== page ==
For all that is in the world, the lust of the flesh and the lust of the eyes and the boastful pride of life, is not from the Father, but is from the world.
1 John 2:16
I have been thinking about this phrase “the boastful pride of life” and why he uses it in the context of the rest of 1 John. Once you think about it, it makes fantastic sense. Both boasting and pride are relational ideas; you can’t really have pride or boast if you live in complete isolation. You have pride because you compare yourself favorably to other people, and you boast because you talk about your pride to other people. So the idea of boastful pride fits right in with the overall theme in 1 John of the central importance of relational community. Boastful pride is really the mark of not belonging to the community of grace, in the same way that alcoholism is the mark of not being a teetotaler. Once you have come to know and have believed in the love which God has for us, there is no need for boasting any more. I don’t have to prove myself, God has proven I am worth dying for.
The reason pride is possible is that the standard of success is set so low. The line of success is set as doable, but just a bit different or higher than others one might observe. You may have started your own prospering company which employs 100 people, or you may have lost 100 pounds, or you may have become a movie star. You may have a perfect marriage and successful children (what is worse than hearing someone go on and on bragging about their children!). You may for some reason or another believe that you have distinguished yourself and become important. You may have a prominent ministry to prisoners or African orphans, and you are frustrated at the cloistered selfishness of everyone you know. That is all pride. You may even brag about it in subtle ways, or name-drop about the important circles you frequent, or talk about your personal sacrifices and successes in ministry, and that is boasting. However, the standard is too low; the true standard for success is Jesus. Have you resisted sin to the point of shedding blood? Have you loved your enemies and prayed for their forgiveness? Have you operated from faith and obedience from day one? Do people want to kill you because you are so good? Are sinners and prostitutes flocking to you in delight and throwing parties for you and wiping your feet with their hair because of your holy love for them? None of us have much place for pride, and those who really might have know better. Nothing cleanses you of self-righteousness and self-sufficiency like looking at the example of Jesus’ life and death.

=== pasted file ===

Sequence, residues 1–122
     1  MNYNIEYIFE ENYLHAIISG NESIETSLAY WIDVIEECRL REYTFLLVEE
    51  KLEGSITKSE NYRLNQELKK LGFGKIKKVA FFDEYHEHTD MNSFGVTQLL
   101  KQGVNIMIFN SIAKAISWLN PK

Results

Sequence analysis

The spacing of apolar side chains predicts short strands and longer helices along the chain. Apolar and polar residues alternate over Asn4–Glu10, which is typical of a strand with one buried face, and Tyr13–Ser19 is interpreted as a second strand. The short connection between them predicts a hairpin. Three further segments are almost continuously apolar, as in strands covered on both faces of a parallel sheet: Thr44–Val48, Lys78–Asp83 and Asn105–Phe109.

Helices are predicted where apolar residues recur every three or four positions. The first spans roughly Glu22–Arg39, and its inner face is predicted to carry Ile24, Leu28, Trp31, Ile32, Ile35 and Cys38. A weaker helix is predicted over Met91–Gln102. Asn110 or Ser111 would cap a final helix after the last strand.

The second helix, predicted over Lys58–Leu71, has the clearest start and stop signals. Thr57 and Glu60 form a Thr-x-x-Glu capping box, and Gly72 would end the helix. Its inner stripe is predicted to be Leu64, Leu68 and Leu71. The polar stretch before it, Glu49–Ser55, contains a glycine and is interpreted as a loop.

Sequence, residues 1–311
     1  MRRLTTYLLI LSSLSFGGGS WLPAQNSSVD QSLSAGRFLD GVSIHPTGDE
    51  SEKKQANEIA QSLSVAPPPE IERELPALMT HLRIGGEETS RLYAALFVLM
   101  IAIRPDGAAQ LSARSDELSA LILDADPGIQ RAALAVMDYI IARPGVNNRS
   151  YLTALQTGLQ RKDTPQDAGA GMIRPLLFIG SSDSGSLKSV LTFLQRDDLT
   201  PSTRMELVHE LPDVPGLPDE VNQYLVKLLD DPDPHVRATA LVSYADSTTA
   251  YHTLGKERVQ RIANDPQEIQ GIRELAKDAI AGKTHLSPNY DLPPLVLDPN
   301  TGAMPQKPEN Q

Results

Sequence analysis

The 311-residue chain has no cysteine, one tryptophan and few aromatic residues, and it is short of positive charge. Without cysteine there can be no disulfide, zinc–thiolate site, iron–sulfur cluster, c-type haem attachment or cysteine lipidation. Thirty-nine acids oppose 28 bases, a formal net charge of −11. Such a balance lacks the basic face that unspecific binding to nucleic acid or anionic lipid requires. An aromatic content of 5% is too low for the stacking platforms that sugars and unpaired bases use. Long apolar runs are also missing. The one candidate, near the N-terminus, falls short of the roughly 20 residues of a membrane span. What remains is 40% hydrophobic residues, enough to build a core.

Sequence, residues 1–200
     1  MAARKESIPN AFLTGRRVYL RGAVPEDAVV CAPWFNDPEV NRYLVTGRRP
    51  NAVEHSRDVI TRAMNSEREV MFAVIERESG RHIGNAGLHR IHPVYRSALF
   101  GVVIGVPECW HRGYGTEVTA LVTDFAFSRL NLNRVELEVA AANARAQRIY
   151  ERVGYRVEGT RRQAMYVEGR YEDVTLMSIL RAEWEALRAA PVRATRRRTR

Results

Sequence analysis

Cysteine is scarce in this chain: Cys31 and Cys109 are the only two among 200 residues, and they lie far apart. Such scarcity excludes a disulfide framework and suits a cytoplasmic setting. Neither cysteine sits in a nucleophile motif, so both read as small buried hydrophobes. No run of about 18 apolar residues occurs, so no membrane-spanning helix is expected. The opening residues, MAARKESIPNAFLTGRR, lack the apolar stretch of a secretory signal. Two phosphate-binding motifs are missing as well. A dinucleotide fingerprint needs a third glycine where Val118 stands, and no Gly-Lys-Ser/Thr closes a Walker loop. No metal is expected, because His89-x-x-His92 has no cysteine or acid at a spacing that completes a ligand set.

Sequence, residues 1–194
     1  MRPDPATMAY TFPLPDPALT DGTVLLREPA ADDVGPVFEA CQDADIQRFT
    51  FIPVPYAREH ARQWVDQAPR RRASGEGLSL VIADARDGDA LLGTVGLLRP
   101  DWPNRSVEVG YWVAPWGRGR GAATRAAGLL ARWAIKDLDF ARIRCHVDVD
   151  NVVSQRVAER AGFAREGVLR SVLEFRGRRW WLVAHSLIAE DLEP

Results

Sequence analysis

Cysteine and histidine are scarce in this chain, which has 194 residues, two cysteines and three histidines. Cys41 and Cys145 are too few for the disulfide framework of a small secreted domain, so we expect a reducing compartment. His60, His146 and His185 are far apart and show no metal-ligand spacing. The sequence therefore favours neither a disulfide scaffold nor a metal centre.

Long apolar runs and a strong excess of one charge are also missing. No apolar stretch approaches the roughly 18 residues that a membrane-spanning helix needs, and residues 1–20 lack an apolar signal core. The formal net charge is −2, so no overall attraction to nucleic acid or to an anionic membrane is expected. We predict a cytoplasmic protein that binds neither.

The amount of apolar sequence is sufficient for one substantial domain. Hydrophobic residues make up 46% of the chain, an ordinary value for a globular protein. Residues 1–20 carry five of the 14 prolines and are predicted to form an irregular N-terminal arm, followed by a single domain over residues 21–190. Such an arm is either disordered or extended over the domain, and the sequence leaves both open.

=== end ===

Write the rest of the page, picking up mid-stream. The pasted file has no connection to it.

Boastful pride is another way of saying that you pretend to be righteous while hiding your sin. Boastful pride means you walk in darkness; you hide your fear and failure while pretending at happiness and fulfillment and success. In essence, you create a false persona based on your own created standards of success and base your relationships upon that falsehood. It is a cliche it is so true, that when people reach the pinnacle of success they feel empty and alone. It means they have finally succeeded at distinguishing themselves from everyone else they know! Boastful pride is the exact opposite of confession and dependence on the blood of Jesus. So while walking in the light, belief in the cleansing power of Jesus’ blood, and confession build community, boastful pride destroys community.
Mere belief in Christ’s death and resurrection for us is the door out of the prison of judgment and boasting and fake living. If we add to mere belief, we make it into boastful pride. If the preacher presses to make His commands burdensome (1 John 3:23, 5:3), he builds a platform for boasting. Mere belief is the entrance into the universe of grace, where significance is a gift and there is no need whatsoever for boasting.